Mike Tindall is telling me about the time, early on in his career, that he played a game of rugby with a set of broken ribs. “When I started in 1997,” he says, “I was getting paid £10,000 a year. I was straight out of school and I would have done anything to get on that pitch because there might be a match bonus. Another time I played with a separated AC [a dislocated shoulder]. Do you want me to tell you the worst thing about those broken ribs? No, I shouldn’t…” Yes, please!
The 42-year-old doesn’t need much encouragement. “My coach at the time, to see if my ribs were OK, he said ‘Can you stretch up your arms?’” – he mimes raising his arms to the ceiling – “and then he punched me in the ribs. And fortunately he missed where they were broken. Thank God he didn’t hit me an inch lower! I should stress that I don’t think that’s a good thing; it’s just how it was at the time. You’d do anything to play.”
The game has changed a huge amount, even since he retired in 2011 with 75 caps and one World Cup to his name. In the past year, several former players have brought a negligence case against the Rugby Football Union, saying that more should have been done to help prevent their traumatic brain injuries, early onset dementia and chronic traumatic encephalopathy.
Tindall believes that the game is now: “As safe as you’re going to get it. My stance on this is that I love the game. I don’t want the game to change. I accept it is what it is: an avoidance game with unfortunate high speed collisions. But the more they mess around with it” – a new rule deems contact to the head a red card offence – “it doesn’t become the game I want it to be. What we’ve celebrated about rugby for so long is the ability for any shape or size to play and you find your way within that. I would prefer [the RFU] to spend the time providing for the people who unfortunately have suffered because of it… We need to do more research into the different types of blows, and the ability to monitor that during games.”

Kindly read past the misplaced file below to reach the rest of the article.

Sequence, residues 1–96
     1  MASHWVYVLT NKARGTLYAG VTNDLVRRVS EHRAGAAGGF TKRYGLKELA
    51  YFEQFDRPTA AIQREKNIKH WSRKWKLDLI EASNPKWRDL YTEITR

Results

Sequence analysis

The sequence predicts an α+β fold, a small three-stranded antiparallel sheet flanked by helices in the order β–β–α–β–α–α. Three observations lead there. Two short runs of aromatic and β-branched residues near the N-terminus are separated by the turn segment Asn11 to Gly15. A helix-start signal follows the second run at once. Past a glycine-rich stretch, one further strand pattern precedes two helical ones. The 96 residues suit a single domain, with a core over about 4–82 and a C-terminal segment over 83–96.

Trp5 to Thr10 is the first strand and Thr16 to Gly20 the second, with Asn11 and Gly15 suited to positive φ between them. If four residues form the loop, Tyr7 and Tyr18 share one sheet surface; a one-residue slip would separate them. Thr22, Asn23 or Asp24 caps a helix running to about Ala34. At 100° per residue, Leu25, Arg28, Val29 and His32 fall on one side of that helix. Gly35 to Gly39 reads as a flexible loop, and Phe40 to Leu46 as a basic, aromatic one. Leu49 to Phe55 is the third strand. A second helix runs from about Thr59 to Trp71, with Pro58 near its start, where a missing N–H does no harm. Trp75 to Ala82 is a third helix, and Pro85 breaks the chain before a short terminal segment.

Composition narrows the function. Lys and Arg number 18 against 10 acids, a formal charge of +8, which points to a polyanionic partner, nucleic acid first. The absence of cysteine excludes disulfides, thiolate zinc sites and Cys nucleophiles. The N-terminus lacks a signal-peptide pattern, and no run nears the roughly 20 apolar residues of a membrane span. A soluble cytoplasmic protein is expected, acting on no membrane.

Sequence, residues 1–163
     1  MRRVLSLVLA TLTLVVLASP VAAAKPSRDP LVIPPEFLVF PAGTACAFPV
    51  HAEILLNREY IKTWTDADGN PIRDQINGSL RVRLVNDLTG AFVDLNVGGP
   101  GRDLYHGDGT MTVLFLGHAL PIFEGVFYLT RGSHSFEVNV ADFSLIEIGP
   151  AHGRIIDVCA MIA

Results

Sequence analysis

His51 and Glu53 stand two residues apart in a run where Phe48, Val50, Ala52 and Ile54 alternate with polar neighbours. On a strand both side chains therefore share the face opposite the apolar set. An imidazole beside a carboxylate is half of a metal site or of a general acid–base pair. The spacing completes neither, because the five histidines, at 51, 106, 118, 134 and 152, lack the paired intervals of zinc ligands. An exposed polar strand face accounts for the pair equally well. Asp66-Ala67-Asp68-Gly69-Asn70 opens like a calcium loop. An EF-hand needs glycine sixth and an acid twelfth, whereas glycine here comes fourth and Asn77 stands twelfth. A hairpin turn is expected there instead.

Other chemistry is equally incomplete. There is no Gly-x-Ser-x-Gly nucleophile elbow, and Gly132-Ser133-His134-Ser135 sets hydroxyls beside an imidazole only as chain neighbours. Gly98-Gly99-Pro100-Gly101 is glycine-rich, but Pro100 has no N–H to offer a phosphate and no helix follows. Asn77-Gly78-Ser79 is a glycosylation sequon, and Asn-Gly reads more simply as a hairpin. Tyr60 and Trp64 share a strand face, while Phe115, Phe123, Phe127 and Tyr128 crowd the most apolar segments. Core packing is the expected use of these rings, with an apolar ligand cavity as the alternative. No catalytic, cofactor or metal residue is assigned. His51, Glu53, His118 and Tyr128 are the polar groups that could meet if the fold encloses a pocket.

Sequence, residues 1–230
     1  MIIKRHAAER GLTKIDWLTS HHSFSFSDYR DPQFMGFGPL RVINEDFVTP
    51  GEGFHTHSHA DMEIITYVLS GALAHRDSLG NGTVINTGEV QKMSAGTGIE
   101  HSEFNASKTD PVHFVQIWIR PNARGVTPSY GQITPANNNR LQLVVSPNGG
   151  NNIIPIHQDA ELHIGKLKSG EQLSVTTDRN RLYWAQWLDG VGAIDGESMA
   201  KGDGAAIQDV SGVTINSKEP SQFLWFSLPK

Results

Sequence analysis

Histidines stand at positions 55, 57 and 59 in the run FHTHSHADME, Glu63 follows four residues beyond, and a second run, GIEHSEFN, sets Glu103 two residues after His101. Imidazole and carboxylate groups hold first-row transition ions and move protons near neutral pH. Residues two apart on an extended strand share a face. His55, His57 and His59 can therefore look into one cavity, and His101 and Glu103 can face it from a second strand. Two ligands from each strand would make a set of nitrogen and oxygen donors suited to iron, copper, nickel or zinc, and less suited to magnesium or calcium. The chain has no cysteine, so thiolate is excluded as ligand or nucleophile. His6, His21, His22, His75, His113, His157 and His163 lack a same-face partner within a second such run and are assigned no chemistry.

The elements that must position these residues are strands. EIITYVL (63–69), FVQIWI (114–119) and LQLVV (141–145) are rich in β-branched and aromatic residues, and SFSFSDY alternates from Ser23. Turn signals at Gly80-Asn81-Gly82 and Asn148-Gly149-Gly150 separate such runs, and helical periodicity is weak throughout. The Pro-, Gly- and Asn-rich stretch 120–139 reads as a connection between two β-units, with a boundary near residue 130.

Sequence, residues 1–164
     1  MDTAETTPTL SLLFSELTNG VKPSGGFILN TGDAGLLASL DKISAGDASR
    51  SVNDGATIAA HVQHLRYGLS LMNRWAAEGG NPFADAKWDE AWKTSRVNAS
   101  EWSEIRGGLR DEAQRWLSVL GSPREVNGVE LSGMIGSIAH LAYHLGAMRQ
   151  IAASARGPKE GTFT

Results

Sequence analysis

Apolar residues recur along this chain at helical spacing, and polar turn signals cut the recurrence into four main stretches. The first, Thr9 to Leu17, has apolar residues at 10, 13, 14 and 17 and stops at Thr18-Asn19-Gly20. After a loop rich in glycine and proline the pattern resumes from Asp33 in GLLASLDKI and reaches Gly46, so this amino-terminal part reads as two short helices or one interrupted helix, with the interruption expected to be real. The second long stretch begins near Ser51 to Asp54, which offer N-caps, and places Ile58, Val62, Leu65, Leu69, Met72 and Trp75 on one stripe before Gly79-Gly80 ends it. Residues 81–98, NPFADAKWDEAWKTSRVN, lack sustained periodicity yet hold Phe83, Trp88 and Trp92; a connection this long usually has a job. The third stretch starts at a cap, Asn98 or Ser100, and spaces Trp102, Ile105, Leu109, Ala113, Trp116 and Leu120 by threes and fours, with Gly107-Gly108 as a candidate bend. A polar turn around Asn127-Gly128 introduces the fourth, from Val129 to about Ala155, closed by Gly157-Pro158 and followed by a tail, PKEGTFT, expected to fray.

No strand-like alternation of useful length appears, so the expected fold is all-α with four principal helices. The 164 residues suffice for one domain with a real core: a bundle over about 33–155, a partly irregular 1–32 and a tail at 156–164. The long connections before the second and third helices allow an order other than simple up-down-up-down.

He thinks he needs to go and get checked out by doctors himself. “I’ve said for ages that I’m going to, because it’s better to know than not to know. And yet the days just tick over and I haven’t done it yet.” To be fair, he does have a 12-week-old baby to deal with (Lucas arrived in March), as well as his daughters Lena, three, and Mia, seven (“I mean, it’s like running a logistics company, isn’t it?” he laughs of fatherhood). But he will get tested soon. “It’s taking responsibility. And ultimately it helps the sports when ex-pros get tested. When I started, rugby union had only just become a professional sport. We were sort of guinea pigs. Everyone was figuring out why people got injured. Nobody was even thinking about head knocks. The game has changed so much in such a short space of time.”
Sport, generally, is a very different beast to when he started, far more political and serious. We talk a bit about the England football team taking the knee in Euro 2020 games. Would he support the Lions if, next weekend, they decided to take the knee? “I support the fight against racism for sure. Would I necessarily take the knee? Realistically I don’t generally buy into the actual organisation of Black Lives Matter. If you read the website and go through it all…” He pauses for a moment. “I just don’t like the organisation. So I would respect [the stance against] racism in my own way.” He tells me about a conversation he had with his daughter, Mia, the other day, while watching Serena Williams play in the French Open. “She said ‘Who’s winning?’ and I told her Serena was. She said: ‘Is she the one in the green dress or the white dress?’ I was like, that’s amazing. She doesn’t see colour. I would love racism not to exist.”
He is pretty straightforward, too, about social media. He’s glad that he finished playing before it really became a thing. “All I could think about when I finished a game was what had gone wrong. The last thing you need to read is everyone else picking you up on all your flaws, too,” he says. But he is also glad that he couldn’t post on it as a teenager, and has a lot of sympathy for the cricketer Ollie Robinson, who was suspended this month for tweets he wrote many moons ago and for which he has since apologised.